But the President has now spoken out in favor of continued
protection for the coastal plain, which is the biological heart of the nation's
richest wildlife refuge. In a letter to Alaska's Senator Frank Murkowski,
Chairman of the Senate Energy and Natural Resources Committee, Alice Rivlin,
Director of the President's Office of Management and Budget, states
unequivocally that the President will veto any reconciliation bill that
"includes language to open the coastal plain of the Arctic National Wildlife
Refuge (ANWR) to oil and gas drilling...."
The significance of the letter should not be lost on the
Congress, which has yet to vote on the reconciliation bill. Clearly that bill is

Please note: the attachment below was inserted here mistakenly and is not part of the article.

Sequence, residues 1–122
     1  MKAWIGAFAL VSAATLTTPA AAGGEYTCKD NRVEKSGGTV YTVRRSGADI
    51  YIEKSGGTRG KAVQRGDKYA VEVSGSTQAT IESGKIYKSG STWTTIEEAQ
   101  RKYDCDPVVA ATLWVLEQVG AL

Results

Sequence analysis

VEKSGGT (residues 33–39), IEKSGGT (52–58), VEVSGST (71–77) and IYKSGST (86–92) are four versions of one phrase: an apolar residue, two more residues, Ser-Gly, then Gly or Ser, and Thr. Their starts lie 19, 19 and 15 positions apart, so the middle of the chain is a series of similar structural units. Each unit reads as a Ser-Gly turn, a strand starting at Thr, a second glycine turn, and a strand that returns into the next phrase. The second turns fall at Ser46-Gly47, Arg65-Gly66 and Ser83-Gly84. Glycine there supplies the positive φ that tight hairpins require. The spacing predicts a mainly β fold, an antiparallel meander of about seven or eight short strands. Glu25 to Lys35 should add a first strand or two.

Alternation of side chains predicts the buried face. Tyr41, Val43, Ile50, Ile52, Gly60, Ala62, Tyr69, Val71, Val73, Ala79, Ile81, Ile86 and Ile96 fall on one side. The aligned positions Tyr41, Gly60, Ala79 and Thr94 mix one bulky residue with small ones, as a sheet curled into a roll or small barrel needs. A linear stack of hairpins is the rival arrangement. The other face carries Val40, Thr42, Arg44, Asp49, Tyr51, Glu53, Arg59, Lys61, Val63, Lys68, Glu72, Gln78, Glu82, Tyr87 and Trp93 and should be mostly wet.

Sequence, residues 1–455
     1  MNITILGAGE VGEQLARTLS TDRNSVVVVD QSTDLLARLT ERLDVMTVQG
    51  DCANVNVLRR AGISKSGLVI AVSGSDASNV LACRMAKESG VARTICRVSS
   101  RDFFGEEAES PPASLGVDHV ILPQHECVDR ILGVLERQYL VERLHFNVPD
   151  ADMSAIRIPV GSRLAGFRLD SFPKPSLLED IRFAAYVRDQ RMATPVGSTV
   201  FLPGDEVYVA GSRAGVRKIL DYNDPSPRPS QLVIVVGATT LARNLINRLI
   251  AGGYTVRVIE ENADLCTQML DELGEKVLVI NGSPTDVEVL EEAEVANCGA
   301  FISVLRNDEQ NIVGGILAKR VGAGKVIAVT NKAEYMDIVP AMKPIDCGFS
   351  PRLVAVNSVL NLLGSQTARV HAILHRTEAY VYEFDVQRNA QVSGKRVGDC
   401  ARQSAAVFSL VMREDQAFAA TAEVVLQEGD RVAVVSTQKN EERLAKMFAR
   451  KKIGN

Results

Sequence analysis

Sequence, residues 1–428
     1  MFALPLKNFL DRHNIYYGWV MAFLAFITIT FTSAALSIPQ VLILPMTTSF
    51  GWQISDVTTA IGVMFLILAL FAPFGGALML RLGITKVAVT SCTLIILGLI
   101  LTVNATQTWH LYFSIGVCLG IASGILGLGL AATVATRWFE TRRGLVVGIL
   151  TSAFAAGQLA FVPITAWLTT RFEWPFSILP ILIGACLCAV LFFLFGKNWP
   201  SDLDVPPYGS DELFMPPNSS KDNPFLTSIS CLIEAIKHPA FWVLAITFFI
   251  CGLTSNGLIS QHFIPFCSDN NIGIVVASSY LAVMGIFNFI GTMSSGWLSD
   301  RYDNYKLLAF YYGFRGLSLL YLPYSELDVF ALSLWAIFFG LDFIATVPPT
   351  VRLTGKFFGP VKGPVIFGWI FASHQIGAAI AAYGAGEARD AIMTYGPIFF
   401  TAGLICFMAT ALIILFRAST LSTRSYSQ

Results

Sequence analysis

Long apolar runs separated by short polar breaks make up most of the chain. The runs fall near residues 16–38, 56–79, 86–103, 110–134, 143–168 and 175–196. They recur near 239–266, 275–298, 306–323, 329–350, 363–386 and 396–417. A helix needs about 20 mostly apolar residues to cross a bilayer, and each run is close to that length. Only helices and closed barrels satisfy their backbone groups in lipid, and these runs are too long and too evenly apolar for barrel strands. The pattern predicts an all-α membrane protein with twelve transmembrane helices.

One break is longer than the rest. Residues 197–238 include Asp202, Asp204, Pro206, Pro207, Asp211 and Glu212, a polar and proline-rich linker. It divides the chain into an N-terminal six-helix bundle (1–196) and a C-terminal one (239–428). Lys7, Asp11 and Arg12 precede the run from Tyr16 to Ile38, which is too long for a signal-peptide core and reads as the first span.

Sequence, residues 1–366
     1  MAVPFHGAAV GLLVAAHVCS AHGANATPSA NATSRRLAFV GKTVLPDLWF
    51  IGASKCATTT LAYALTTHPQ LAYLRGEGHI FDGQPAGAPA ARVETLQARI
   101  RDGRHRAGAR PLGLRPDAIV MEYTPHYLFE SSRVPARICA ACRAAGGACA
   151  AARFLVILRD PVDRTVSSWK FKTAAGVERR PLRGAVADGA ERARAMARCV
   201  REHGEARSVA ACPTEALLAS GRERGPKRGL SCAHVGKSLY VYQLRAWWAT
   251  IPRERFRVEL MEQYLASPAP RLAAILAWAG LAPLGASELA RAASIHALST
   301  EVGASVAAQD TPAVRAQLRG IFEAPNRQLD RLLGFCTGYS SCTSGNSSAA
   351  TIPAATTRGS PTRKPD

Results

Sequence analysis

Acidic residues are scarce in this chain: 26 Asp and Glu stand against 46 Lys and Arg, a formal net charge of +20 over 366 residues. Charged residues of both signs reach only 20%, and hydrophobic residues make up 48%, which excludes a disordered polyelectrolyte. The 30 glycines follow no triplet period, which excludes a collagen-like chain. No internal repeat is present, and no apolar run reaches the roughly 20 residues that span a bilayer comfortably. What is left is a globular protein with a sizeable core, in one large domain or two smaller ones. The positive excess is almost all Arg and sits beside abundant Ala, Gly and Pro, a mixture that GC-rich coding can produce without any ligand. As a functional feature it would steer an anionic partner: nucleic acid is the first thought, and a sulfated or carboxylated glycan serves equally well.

destined to include a long list of provisions that could produce threats of a
Presidential veto. The fact that the President has identified the Arctic refuge
drilling issue as one that by itself will cause him to veto the bill means that
issue is non-negotiable.
The President's promise of a veto means it will be impossible for the Alaska delegation to continue hiding behind the skirts of the budget reconciliation bill. Now if they want to try to plunder this unique and priceless part of the public lands belonging to all Americans, they are going to have to convince their colleagues to stand by them and do it in full view of the public itself.
Contact(s):Cat Lazaroff, (202) 772-3270